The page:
Gentleman's 'huge' names to look out for include Dutch supporting act Ziggi, Korean-German mentee Martin Jondo, and fellow compatriots Mellow Mark and dancehall act Mono and Nikitaman. But he also promotes the female voice in reggae. During the show, the man who started his career ‘singing background’ for hip hop band Freundeskreis gives the stage to each of his three backing soul singers, including long-term girlfriend Tamika of the Far East Band.
Reggae is the most social, political kind of music. It’s more rebellious, and has nothing to do with sunshine
'I live for my live shows,' Gentleman says of a troubled industry. 'People should burn if they wanna burn. Those in places like south America wouldn’t even have music if not for the internet - but we need to find a way so artists can live.' He has never subscribed to the red, gold, green and black-coloured reggae merchandise, opting to remain hatted than rasta-dreadlocked. ‘It’s all superficial. Reggae’s not on the outside, but the inside. People always have this cliché of sitting on a beach under a palm tree drinking rum, thinking what a peaceful lovely sunshine music I shot the sheriff it is,’ he laughs, breaking into song. ‘It's the most social, political kind of music. It’s more rebellious, and has nothing to do with sunshine.’
Where the sun don't shine
Nicolas Sarkozy’s name comes up twice to the roars of his crowd during the concert, rescheduled after a 24-hour strike disabled public transport in France. ‘It’s about the deal the man come up with,' he says of France's right-wing president. 'Gaddafi. From a democratic point of view, it’s very very dangerous – where are we gonna reach? Plus you see the man on the TV, and I feel like he’s a very good actor, the way how he talk.' Otto doesn't mince his words for German chancellor Angela Merkel either. 'She’s a very uninspired woman who might have some good ideas, but she’s a fake who don’t have no power. At the same time, I’m tired to blame politicians. It’s too easy.’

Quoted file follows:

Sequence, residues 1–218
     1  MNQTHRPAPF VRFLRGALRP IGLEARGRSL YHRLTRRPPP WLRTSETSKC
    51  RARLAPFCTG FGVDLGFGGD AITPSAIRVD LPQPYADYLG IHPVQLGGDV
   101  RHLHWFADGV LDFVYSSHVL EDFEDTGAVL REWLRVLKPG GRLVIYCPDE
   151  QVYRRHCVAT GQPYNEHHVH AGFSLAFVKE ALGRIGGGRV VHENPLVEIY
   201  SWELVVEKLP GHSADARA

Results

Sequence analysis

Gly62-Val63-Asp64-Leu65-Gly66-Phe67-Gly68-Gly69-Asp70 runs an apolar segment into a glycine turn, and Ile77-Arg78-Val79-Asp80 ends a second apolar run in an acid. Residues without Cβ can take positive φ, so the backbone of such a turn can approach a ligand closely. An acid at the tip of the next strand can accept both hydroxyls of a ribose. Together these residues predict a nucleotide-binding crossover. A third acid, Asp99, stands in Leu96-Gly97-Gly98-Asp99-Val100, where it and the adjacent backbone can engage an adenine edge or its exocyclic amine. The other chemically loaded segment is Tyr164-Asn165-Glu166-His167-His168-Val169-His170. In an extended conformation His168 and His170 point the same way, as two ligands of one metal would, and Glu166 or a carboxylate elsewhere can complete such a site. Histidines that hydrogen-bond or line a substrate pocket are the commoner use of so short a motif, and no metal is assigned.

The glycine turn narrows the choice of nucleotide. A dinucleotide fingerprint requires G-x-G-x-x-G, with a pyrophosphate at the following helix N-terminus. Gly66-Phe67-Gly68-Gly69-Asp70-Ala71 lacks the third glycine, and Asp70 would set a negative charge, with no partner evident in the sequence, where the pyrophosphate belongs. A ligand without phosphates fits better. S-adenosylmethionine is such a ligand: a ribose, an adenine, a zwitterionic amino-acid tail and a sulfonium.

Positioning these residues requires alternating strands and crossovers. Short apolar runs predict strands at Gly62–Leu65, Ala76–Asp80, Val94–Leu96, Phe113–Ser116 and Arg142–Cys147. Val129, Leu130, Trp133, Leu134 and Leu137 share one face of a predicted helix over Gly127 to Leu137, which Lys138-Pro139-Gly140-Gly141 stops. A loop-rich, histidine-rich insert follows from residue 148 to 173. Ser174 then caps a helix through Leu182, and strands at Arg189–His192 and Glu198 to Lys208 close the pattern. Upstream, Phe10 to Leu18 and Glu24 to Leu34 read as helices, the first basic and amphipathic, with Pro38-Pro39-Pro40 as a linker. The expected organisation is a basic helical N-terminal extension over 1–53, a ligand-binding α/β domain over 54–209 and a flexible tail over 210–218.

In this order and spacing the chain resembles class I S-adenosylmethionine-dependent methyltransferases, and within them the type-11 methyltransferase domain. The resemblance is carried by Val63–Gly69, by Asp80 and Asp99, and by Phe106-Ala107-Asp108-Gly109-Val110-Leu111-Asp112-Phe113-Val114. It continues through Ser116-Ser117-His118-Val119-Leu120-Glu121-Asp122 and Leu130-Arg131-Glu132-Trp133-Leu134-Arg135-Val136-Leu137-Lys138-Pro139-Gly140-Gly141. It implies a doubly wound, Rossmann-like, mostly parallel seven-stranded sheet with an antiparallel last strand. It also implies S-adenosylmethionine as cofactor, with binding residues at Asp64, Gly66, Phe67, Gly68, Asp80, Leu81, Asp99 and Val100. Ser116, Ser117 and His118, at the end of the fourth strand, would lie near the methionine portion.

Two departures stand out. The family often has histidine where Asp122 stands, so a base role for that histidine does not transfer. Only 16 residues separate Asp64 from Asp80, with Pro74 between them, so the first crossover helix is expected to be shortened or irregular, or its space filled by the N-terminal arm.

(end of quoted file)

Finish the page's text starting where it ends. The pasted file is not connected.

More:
Turkey in the EU is a very thin line, but we should definitely move in this direction
Unlike the ‘Merkozy’ pair, Otto sees Turkey in the European Union. ‘It’s a very thin line, but we should definitely move in this direction.’ In June 2005, he collaborated with Turkish pop singer Mustafa Sandal on the single ‘Isyankar.’ On ZDF’s ‘Wetten Das’ TV programme, Sandal describes how he didn’t know who Gentleman was but ‘clicked’ with him when the unlikely pair met after Otto flew out to Istanbul - ‘one of my favourite cities along with Lisbon,’ recalls Otto. ‘I was working with a hero in Turkey. I felt the sound and I was like, yes, let’s do it. It was great for immigration, communication. After that, I ordered a doener in a Turkish restaurant, and the man said hey you’re Gentleman, you did that song with Mustafa - take it for free!’
Gentleman's tips for going out in Cologne
- Friday at the Petit Prince, Hohenzollernring, by Friesenplatz. They have a powerful sound system, there’s always jam sessions - and it’s been like that for ten years!
- Volksgarten and the African drumming during the summertime
Catch Gentleman on his 28-date European tour in Germany (3, 14, 15, 17, 19, 20, 26, 27, 28 November), Austria (21 November), Czech Republic (23 November), Poland (25 November) Holland (28 November)